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Rare Bison Species Returning to Western Alaska

Bison

 

Early next year, a long-absent animal will return to Western Alaska.

Wood bison, which have been extinct in the state for over one hundred years, will be released along the Lower Yukon River near Shageluk in the spring. The release is part of a joint conservation effort by the Alaska Department of Fish and Game, the U.S. Fish and Wildlife Service, and the Canadian government.

Until recently, wood bison were protected under the Endangered Species Act. While they had gone extinct from the United States altogether, researchers discovered a disease-free population of the bison in Northern Canada – a breeding herd that has since grown to more than 500 animals.

In late March of next year, a group of 40 to 100 Canadian wood bison will be transported from the Alaska Wildlife Conservation Center in Portage – where they have been acclimating to the Alaskan climate since 2008 – to the Lower Yukon Valley.

“It’s called a soft release,” said Rita St. Louis, a planner for the Alaska Department of Fish and Game in Fairbanks. “They’ll be fed hay for a while. Then [we’ll] coax them across the river with hay, like Hansel and Gretel following cookie crumbs. Then as soon as green-up comes, they’re on their own.”

St. Louis said the bison have been designated a “non-essential, experimental population,” which means that the strict regulations normally afforded a protected species will not apply to these particular bison.

“These animals are treated like any other animal in Alaska. If it’s legal to do, you can do it with these animals,” said St. Louis.

This special provision, called the 10-J rule, will allow for commercial and subsistence-based land use in the same territory as the protected bison. It will also protect subsistence users from being federally charged in the instance of incidental take. ADF&G has expressed hope that this provision will make humans in the area more amenable to sharing the land with their bison neighbors.

Joy Hamilton, an elementary school teacher in Shageluk, said she’s looking forward to the bison’s arrival – but doesn’t view it as a homecoming for the long-absent animals.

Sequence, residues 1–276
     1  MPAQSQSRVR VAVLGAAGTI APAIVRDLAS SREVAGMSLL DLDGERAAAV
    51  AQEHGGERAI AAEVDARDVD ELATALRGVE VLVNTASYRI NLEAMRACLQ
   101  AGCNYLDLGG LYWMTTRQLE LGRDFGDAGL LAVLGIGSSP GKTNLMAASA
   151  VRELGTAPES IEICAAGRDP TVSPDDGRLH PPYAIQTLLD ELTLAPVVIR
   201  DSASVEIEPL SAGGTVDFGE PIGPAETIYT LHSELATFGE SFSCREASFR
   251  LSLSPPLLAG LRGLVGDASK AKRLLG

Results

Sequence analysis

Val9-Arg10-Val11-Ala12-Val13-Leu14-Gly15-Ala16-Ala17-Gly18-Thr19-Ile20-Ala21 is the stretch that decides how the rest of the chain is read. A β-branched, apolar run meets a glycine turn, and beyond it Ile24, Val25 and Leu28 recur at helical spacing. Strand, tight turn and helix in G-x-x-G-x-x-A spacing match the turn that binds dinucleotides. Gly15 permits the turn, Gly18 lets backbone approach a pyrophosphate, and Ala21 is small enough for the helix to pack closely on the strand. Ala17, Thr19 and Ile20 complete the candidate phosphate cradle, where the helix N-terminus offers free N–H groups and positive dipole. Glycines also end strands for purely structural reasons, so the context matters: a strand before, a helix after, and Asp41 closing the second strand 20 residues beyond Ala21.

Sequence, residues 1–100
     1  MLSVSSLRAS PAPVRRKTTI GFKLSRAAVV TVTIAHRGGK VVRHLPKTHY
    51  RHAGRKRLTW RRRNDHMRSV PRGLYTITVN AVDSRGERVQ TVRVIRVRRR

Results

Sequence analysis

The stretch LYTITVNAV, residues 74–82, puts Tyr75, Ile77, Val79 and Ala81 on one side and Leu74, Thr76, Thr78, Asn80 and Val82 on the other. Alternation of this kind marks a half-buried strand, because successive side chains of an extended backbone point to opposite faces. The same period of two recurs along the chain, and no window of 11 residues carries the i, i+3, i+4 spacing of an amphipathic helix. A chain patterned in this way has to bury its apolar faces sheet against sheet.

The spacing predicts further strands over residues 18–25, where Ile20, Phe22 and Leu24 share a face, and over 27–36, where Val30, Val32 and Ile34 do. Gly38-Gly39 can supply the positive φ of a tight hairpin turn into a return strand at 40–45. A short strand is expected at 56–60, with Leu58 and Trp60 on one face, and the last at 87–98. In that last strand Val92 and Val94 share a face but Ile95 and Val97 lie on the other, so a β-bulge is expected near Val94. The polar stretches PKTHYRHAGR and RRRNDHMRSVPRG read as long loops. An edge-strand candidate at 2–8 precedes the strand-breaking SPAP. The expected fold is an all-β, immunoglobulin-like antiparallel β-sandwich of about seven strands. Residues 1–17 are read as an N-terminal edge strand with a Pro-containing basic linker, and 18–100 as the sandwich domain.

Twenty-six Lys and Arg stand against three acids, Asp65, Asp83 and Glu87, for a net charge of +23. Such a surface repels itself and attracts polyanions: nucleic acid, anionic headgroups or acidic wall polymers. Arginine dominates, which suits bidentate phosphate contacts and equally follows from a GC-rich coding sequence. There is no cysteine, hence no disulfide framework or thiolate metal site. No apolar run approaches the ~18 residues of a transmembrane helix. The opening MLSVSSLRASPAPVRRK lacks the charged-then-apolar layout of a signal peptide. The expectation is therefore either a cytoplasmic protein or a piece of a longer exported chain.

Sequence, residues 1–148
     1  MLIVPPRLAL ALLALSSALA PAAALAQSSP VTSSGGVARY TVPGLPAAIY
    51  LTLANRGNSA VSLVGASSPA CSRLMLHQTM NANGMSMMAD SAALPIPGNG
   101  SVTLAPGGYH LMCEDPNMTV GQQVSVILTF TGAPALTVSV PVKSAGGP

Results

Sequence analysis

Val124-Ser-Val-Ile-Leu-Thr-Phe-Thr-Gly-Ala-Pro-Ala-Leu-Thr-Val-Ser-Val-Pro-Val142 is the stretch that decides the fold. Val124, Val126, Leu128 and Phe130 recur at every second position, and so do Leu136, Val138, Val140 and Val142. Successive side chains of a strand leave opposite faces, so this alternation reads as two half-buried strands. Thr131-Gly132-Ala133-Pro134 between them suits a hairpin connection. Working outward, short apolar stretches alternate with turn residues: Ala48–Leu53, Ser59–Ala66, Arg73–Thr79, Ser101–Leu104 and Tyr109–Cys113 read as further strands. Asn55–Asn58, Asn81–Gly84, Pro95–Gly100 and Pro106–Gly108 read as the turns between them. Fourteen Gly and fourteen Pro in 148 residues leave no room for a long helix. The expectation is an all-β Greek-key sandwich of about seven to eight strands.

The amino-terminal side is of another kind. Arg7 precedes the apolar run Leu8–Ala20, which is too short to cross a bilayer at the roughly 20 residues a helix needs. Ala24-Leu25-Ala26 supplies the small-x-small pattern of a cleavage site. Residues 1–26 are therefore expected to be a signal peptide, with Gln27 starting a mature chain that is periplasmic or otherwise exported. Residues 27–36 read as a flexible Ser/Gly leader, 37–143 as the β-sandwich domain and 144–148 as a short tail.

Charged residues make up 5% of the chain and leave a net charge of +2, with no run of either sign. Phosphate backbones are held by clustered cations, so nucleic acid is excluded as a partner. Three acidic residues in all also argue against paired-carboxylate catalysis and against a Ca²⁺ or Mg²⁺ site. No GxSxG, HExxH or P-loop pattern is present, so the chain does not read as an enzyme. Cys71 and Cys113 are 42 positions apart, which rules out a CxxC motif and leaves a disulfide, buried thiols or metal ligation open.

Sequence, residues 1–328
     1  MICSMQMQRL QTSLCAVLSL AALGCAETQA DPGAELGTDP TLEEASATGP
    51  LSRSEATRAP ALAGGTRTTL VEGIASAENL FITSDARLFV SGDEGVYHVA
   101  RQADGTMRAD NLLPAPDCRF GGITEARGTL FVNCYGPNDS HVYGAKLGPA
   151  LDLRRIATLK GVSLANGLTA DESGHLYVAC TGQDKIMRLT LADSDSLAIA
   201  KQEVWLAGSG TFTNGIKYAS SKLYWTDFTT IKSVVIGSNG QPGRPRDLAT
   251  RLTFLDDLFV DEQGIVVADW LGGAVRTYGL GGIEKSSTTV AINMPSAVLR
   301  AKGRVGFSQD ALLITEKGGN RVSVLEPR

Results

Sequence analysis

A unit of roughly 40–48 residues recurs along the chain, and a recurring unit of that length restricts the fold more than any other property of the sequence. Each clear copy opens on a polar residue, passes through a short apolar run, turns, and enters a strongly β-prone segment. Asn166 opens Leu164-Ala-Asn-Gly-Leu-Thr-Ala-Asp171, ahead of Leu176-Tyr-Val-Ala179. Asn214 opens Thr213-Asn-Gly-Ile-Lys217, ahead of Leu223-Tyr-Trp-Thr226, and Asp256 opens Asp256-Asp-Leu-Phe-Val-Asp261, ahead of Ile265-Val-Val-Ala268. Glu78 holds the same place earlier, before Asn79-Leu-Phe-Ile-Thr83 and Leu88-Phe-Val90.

“It would be a whole new introduction, rather than a re-introduction from my point of view,” Hamilton said. “The landscape has changed, the environment has changed…since we have any record of wood bison in this particular area.”

Hamilton added that this could pose a unique cultural challenge for communities in the region.

“All these animals we have had a relationship with, and we have stories about them,” she explained. “Moose, and birds, and beavers – even mice and frogs. But there are no stories about bison. So this is going to be a new thing for us. Creating our own cultural connection and respect for the animal.”

There are also practical concerns. At a public meeting to discuss the release, subsistence users in Shageluk wanted to know how the bison might impact food sources like berries, whether they would attract predators like wolves, and who would determine how the animals are managed. Many also asked: How would the wood bison taste?

Though ADF&G estimates that it will be nine to fifteen years, at least, before the wood bison population grows to a point where it could be used as a subsistence resource, a spokesperson did bring bison jerky for community members to taste.

“They tasted like Slim Jim beef sticks,” said Hamilton. “They didn’t taste any different than anything else.”

While Hamilton is more interested in the wood bison as a teaching opportunity for her students, she does have a suggestion for future advocates hoping to persuade subsistence users in the region: Next time, bring bison steak.

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